Family Sandpipers, Snipes, Phalaropes (Scolopacidae)

Least Concern

Wandering Tattler (Tringa incana)


French: Chevalier errant German: Wanderwasserläufer Spanish: Playero de Alaska

Scolopax incana

J. F. Gmelin

, 1789,

Moorea (Eimeo), Society Group, Pacific Ocean


Formerly considered conspecific with T. brevipes (which see). Monotypic.


Extreme NE Siberia and Alaska E to Yukon R and NW British Columbia. Winters in SW USA, mainly S from California, and W Mexico to Galapagos Is and Peru; also Hawaiian Is, and islands of C & S Pacific to E New Guinea and NE Australia.

Descriptive notes

26–29 cm; 60–169 g; wingspan 54–66 cm. Short yellow legs and dark grey upperparts. Very similar to T. brevipes, but slightly darker upperparts and... read more


Loud piping calls heard on breeding grounds, including a medium-loud “kree-kree-kree” or a much... read more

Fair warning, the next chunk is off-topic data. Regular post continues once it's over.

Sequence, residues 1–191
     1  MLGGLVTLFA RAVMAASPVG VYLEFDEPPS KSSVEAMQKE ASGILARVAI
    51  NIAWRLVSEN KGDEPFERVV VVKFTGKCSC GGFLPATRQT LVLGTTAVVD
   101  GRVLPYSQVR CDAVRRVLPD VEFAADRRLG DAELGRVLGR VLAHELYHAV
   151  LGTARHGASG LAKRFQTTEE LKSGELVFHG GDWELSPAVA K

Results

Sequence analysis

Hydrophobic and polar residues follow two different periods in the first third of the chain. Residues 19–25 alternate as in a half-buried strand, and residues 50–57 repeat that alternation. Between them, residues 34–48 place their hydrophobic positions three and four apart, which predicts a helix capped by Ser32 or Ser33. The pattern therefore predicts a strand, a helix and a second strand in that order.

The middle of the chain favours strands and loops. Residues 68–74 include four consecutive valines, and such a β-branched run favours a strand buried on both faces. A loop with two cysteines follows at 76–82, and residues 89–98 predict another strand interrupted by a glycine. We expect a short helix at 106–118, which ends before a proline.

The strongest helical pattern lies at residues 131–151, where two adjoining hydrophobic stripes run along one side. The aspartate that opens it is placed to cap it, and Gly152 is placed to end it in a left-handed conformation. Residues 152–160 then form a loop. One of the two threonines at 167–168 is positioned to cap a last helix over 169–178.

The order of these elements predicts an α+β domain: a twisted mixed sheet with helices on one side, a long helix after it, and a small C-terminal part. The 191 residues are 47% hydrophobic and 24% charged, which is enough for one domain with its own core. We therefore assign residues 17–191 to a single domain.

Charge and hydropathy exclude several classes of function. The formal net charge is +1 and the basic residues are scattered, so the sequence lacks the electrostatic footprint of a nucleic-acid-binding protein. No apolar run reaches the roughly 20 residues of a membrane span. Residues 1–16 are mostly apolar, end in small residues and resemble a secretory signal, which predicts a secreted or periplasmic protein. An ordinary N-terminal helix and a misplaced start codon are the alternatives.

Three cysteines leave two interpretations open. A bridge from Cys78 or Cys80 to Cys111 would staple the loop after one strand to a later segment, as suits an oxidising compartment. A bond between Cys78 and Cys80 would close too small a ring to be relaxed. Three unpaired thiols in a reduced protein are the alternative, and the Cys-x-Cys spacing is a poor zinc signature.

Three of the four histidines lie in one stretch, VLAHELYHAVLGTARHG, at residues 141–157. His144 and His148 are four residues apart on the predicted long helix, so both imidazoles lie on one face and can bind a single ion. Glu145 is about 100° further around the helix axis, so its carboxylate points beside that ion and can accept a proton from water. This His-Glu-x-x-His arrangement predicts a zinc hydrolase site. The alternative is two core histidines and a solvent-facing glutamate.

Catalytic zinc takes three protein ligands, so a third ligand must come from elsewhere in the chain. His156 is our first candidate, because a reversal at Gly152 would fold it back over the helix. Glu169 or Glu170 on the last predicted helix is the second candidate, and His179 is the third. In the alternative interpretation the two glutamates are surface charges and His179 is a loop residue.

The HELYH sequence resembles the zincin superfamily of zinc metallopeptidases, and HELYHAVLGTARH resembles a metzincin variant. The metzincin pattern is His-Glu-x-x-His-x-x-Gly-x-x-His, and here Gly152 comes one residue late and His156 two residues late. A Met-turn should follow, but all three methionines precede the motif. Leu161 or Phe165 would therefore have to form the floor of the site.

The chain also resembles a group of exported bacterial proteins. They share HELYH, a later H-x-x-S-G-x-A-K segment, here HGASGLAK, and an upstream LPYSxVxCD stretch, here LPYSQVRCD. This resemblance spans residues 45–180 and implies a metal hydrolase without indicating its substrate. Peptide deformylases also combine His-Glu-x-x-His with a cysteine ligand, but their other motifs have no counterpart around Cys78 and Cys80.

Similar to that of T. brevipes, but variety of wintering habitat narrower. Breeding... read more

Food and feeding

Breeding season diet mainly aquatic insects and their larvae, e.g. of stoneflies (Plecoptera), caddisflies (Trichoptera), earwigs (... read more


Present in breeding areas from early May to Aug, with incubation starting around late May/early Jun, with peak hatching probably in late... read more


Migratory. Passage oceanic towards Hawaiian Is, but many birds move along outer coast and islands... read more

Status and conservation

Not globally threatened (Least Concern). Total population estimated at maximum of 25,000 birds, but perhaps as few as 5000 individuals, with at least 90% of population... read more

Recommended citation

Van Gils, J., Wiersma, P. & Kirwan, G.M. (2020). Wandering Tattler (Tringa incana). In: del Hoyo, J., Elliott, A., Sargatal, J., Christie, D.A. & de Juana, E. (eds.). Handbook of the Birds of the World Alive. Lynx Edicions, Barcelona. (retrieved from on 25 February 2020).